Aug 9 (Reuters) – In four decades of climate negotiations, the world has focused intensely and exclusively on the most common climate-warming gas: carbon dioxide.
This year, scientists are pushing to focus on another powerful greenhouse gas – methane – as the planet’s best hope to ward off catastrophic global warming.
In addition to reducing CO2 emissions, countries must undertake âstrong, rapid and sustainable reductionsâ in methane emissions, warned scientists in a landmark report by the UN Intergovernmental Panel on Climate Change, which was published on Monday. Continue reading
The plea could cause consternation in countries that choose natural gas as a clean alternative to carbon emitting coal. This could also pose challenges to countries where agriculture and livestock, especially cattle, are important industries.
But while both methane and CO2 warm the atmosphere, the two greenhouse gases are not the same. A single CO2 molecule causes less warming than a methane molecule, but remains in the atmosphere for hundreds of years, while methane disappears within two decades.
The report is “putting a lot of pressure on the world to step up its methane game,” said Durwood Zaelke, president of the IPCC report, president of the Institute for Governance and Sustainable Development in Washington, DC
“Reducing methane is the biggest and fastest strategy to slow down warming,” said Zaelke.
BUT WHY METHANE NOW?
Today’s global average temperature is already 1.1 Â° C above the pre-industrial average thanks to the emissions pumped into the air since the middle of the 19th century. But the world would have seen an additional 0.5 Â° C of warming if the sky weren’t filled with pollution, which reflects some of the solar radiation back into space, the report said.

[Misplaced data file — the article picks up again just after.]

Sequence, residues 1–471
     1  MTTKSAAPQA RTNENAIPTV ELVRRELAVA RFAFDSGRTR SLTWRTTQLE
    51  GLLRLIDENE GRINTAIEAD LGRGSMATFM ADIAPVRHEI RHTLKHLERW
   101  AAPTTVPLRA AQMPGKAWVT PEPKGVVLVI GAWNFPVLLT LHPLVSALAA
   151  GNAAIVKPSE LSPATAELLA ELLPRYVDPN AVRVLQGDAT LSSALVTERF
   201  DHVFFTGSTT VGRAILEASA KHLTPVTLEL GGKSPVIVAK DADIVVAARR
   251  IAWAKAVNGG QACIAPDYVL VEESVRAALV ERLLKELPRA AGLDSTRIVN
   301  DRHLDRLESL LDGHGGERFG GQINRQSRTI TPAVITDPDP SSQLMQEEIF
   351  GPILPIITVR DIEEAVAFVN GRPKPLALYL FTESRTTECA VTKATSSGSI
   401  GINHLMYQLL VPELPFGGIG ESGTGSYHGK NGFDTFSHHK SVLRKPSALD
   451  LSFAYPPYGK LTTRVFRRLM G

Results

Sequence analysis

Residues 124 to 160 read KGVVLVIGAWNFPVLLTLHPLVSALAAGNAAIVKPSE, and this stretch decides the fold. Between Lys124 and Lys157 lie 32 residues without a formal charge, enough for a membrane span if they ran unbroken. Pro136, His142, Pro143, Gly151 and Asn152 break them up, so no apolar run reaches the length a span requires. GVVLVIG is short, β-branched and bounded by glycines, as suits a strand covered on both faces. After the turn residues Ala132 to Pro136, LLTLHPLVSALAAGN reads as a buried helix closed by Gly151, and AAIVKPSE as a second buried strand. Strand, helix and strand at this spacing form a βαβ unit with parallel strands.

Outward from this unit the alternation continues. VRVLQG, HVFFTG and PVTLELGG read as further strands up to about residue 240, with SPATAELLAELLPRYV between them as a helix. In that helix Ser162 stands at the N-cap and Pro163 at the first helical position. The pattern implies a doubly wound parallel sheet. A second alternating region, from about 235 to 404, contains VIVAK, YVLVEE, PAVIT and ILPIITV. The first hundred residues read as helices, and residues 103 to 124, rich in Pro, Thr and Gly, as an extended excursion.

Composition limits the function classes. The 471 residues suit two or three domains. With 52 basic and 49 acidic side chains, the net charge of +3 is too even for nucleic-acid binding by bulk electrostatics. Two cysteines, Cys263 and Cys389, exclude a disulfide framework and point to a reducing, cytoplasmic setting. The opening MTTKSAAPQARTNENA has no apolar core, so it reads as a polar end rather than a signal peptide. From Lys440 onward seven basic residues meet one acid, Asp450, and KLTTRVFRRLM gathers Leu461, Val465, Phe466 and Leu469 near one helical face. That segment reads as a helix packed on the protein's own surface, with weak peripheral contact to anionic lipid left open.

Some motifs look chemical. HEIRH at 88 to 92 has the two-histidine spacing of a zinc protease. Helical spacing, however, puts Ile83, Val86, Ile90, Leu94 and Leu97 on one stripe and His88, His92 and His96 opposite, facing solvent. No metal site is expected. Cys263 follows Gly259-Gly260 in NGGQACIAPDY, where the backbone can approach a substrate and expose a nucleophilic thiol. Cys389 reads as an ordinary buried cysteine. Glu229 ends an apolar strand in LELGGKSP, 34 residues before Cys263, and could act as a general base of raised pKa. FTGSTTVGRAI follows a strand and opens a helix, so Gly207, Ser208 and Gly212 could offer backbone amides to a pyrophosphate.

If the world turns away from fossil fuels and tackles air pollution, those aerosols will go away – and temperatures could rise.
Rapidly reducing methane could “counteract” this effect while improving air quality, said Maisa Rojas Corradi, the abstract author of the IPCC report, an atmospheric scientist at the University of Chile.
According to the United Nations, methane emissions are responsible for around 30% of global warming since pre-industrial times.
But the role of methane, aerosols and other short-lived climate pollutants has not yet been discussed by the IPCC.
“The report draws attention to the immediate benefits of a significant reduction in methane, both from an atmospheric concentration point of view and the positive human health effects of improved air quality,” said Jane Lubchenco, deputy director of climate and environment at the Bureau for White House science and technology policy.
Recent technological developments and research suggest that methane emissions from oil and gas exploration, landfills, and ranching have likely been underestimated.
The report sends a loud signal to countries that produce and consume oil and gas that they “must incorporate aggressive plans to reduce oil and gas methane into their own climate strategies,” said Mark Brownstein, senior vice president of energy at the Environmental Defense Fund .
Landfill and energy company emissions might be the easiest to deal with, he said. Large-scale methane in agriculture is harder because there is no large-scale replacement technology.
The EU is proposing legislation this year that will force oil and gas companies to monitor and report methane emissions and repair leaks.
The United States is expected to have methane legislation stricter than the Obama administration-enacted rules, which were then rolled back under former President Donald Trump, by September.
The US and EU account for more than a third of global natural gas consumption.
But even large economies without strict oil and gas production or agriculture regulations, such as Brazil and Russia, are likely to generate high methane emissions, said IPCC co-author Paulo Artaxo, an environmental physicist at the University of Sao Paulo.
“(Methane) leakage from gas and oil wells is very difficult to quantify,” he said. If countries don’t search, they won’t find it.
Some environmental groups and government officials have called for a global methane deal, such as the Montreal Protocol, which combats ozone depletion.
Such an agreement could start with methane from the oil and gas industry, which already has technologies to help contain those emissions, said Armond Cohen, executive director of the Clean Air Task Force, a Boston-based climate technology group.
“This is not rocket science. No exotic technology is required here,” he said. “So let’s start there.”
Reporting by Valerie Volcovici, Andrea Januta and Jake Spring; Editing by Katy Daigle and Lisa Shumaker
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